Now, it’s time to pick an auto repair facility to bring your vehicle to. Where do you go? How do you determine the quality of work and customer care you’ll receive?

Though we can’t promise how other shops run their business, you can get a sense of their commitment to best practices by asking some simple questions. We love it when clients take the time to research how seriously we take our mission to provide high-quality workmanship in a timely manner with 100% client satisfaction. Here are some questions you can ask:

How long will the auto body repair take? 

This is probably the #1 question we are asked. Unfortunately, there isn’t a clear answer because there are so many variables, especially the extent of the damage. Though the industry average is much higher, we take 3-7 days for the average repair. This is because we have built-in efficiencies with highly-trained technicians and advisors, fast parts procurement, and up-to-date tools and equipment.   

What kind of warranty comes with their auto body repair work? 

You need to feel confident the repair will last. For us, this is pretty simple. We warranty all repairs for as long as our customer owns the vehicle – anything less just won’t cut it!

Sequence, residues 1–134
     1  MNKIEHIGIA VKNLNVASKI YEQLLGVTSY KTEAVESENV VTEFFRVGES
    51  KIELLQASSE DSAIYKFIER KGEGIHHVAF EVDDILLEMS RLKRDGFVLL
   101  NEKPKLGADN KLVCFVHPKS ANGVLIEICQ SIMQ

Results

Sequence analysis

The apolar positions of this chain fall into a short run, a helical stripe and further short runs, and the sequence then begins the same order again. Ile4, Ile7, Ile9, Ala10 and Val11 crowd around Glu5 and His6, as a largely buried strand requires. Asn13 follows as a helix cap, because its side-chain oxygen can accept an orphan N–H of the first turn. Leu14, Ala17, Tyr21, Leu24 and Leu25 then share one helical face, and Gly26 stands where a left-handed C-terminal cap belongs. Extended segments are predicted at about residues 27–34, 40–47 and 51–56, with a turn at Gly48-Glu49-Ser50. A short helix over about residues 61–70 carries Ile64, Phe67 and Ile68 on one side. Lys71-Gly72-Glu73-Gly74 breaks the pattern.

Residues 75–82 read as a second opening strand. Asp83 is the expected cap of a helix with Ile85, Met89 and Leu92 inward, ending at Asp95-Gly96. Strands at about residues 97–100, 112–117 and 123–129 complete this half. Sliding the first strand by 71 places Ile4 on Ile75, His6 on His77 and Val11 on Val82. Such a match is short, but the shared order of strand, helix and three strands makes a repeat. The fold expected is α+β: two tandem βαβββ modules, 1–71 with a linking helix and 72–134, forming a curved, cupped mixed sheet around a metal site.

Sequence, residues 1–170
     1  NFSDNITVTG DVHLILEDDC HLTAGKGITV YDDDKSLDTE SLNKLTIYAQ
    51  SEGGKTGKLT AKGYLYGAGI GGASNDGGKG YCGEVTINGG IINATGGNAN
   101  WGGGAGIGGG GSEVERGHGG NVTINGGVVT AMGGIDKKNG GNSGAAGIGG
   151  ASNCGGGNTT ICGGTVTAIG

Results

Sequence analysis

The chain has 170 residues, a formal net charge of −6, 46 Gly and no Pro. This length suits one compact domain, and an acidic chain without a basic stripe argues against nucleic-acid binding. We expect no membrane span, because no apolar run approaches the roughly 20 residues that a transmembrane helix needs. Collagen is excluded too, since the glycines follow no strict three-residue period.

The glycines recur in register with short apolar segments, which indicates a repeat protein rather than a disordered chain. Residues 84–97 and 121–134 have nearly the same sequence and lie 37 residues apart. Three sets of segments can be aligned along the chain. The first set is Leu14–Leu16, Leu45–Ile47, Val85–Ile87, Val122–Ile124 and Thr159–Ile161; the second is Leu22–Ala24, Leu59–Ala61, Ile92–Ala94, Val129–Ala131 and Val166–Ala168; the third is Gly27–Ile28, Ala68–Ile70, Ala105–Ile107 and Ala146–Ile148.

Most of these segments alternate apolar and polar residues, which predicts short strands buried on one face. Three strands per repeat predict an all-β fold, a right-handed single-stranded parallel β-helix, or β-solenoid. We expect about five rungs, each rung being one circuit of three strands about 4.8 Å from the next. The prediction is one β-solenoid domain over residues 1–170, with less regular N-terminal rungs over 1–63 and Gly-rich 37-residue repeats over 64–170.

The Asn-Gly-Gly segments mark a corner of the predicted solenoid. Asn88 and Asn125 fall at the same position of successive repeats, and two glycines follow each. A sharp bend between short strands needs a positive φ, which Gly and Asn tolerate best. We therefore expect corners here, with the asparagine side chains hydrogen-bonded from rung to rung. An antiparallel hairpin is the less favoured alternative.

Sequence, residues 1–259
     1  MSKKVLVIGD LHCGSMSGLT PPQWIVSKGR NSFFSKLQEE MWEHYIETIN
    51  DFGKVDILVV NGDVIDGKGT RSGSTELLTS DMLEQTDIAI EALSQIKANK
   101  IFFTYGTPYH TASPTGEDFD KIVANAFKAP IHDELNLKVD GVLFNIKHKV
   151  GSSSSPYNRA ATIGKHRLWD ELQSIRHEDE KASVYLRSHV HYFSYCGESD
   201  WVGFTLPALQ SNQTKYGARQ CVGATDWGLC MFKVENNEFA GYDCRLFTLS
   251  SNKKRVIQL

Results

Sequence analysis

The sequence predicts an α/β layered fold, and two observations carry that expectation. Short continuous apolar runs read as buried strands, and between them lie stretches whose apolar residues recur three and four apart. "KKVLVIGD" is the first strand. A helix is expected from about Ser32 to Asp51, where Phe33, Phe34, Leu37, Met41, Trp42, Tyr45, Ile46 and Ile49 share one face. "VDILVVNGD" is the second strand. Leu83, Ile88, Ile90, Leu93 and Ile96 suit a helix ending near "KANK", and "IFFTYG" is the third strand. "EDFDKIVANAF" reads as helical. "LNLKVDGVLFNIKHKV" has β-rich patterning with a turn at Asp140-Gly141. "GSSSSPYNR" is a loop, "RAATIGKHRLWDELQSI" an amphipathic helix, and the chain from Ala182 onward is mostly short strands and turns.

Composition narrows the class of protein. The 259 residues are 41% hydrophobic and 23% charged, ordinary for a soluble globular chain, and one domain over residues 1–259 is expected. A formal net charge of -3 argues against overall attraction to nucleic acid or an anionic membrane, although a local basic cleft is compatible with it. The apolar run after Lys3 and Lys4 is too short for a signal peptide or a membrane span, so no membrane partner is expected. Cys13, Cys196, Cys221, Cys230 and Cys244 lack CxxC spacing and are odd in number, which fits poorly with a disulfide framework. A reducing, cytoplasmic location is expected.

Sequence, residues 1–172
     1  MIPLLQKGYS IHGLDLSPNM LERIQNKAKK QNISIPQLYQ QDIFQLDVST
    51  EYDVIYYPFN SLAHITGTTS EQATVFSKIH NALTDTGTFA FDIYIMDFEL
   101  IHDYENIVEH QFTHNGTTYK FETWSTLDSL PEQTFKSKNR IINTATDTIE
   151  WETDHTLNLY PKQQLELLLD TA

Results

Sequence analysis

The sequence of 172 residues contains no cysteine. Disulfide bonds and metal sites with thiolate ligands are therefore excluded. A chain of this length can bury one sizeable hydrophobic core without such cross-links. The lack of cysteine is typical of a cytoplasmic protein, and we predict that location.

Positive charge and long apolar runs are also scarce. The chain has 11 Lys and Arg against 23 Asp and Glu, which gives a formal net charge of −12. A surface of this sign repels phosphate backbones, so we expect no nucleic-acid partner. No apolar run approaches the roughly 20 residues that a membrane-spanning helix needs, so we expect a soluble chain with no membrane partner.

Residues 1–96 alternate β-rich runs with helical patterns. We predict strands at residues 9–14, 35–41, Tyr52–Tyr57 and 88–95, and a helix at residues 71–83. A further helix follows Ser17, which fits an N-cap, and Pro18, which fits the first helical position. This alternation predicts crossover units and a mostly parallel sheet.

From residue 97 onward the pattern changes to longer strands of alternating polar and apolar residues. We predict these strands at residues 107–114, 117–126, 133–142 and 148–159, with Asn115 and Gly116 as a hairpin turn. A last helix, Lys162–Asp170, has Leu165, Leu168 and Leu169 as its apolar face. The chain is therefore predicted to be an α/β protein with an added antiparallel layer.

How do I get around while my car is in the shop? 

We have a partnership with Enterprise to give our customers a discounted rate on rental cars.

Do you carry fire and theft insurance so that my car is covered by insurance while it is in your shop? 

Though not likely at our shop, you need coverage in case your vehicle is damaged, destroyed, or stolen while being repaired. We carry this coverage so you can rest assured.

Will the paint match the rest of my car? 

There is only one acceptable answer to this question—Yes! Our approach for color matching is to blend adjacent panels to the one that we’re repairing or replacing. Cars have a paint code that tells us the exact color of the carmaker’s paint, but there is an art to this, as well as science. We also have to account for fading and variations at the time of manufacture. At Cline, you will be 100% satisfied with your repair!

How soon can I wash my car after an auto body repair?